This recent Alberta Surface Rights Board decision provides further insight into the interesting and rapidly evolving area of law in which the nature and extent of rights and corresponding obligations in the face of ongoing bankruptcy and insolvency proceedings, are considered. In this particular case (found here), the SRB was called upon to review its prior decision (found here), in which it found that it was precluded from proceeding with an application under section 36 of the Surface Rights Act (the “SRA”). That application, brought by landowners/lessors under a surface lease, sought the SRB’s assistance in recovering payment of overdue compensation by an operator, which had accrued prior to the operator’s assignment in bankruptcy under the federal Bankruptcy and Insolvency Act (the “BIA”).
The SRB found that the stay of proceedings under section 69.3 of the BIA precluded it from: a) issuing a notice to the bankrupt operator demanding payment of the outstanding compensation and suspending the operator’s rights under the surface lease, pending payment; and b) in the event of non-payment, terminating the operator’s rights under the lease. Under the governing legislation, it found that it was required to suspend and then terminate the operator’s rights before taking the ultimate step of directing payment to the applicants by the Province.
The application under section 36 of the SRA was found to be a “proceeding for the recovery of a claim provable in bankruptcy” and, therefore, subject to the stay under section 69.3 of the BIA. While directing payment by the Province would not constitute a step taken by the SRB against the bankrupt operator, the prerequisite steps of demanding payment and suspending and then terminating the operator’s rights, would be, to which the stay under the BIA would apply. As a result of those prerequisite steps, it was found that an operational conflict existed between section 36 of the SRA and the BIA, since both of Parliament’s legislative intentions under the BIA (i.e., the fair and orderly payment to creditors, and the rehabilitation of the bankrupt), would be frustrated. As a result, the BIA was found to prevail, resulting in the SRB being unable to exercise its powers under section 36 of the SRA, as requested by the applicants.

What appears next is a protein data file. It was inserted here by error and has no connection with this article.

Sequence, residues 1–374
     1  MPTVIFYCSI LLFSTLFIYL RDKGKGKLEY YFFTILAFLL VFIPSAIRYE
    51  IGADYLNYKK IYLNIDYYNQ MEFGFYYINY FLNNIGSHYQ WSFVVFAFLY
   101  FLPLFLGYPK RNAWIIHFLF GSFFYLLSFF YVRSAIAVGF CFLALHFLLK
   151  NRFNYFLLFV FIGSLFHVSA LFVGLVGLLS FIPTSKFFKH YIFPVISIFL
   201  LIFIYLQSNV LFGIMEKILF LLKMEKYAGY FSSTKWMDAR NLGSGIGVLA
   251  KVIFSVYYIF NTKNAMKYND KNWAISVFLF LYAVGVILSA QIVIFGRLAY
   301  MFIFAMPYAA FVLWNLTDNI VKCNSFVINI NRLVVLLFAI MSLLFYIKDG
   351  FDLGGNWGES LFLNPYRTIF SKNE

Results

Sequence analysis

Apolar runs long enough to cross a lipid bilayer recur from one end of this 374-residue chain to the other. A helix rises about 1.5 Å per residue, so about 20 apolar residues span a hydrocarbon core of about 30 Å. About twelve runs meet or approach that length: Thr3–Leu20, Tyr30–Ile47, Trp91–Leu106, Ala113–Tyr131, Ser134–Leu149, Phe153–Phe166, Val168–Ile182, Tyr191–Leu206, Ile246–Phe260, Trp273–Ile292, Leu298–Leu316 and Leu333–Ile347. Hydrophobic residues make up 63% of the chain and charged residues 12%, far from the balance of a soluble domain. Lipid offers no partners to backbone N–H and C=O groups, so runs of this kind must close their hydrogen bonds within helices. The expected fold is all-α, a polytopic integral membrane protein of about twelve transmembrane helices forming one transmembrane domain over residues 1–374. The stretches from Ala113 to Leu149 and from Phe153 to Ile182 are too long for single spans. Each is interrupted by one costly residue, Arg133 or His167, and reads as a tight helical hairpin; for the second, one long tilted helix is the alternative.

As discussed in our December 22 blog post (found here), the unfortunate result in Lemke for the landowner applicants is a consequence which was not likely intended by the legislature.
The Lemke decision is the latest in a series of decisions from the SRB in which the impact of the BIA on the SRB’s ability to exercise its powers under section 36 of the SRA is considered. Read together, while the section 36 process will not be available for unpaid lessors under surface leases where the outstanding payments have accrued prior to the operator’s assignment in bankruptcy, the relief, including a direction by the SRB to the Province to pay, will be available in respect of cases involving outstanding payments that become due following the effective date of the assignment. Given the prevailing industry economic climate, these decisions have important implications for landowners who are owed surface lease payments by financially troubled oil and gas companies.
A highly anticipated judicial decision which is expected to provide further significant insight in this area, is the ATB v. Redwater Energy Corp. application, heard by the Court of Queen’s Bench of Alberta in December, from which judgment was reserved. Redwater is mentioned in our 2015 Top 10 Judicial Decisions (found here), in the context of the SCC trilogy of bankruptcy decisions released in 2015, which address federal paramountcy.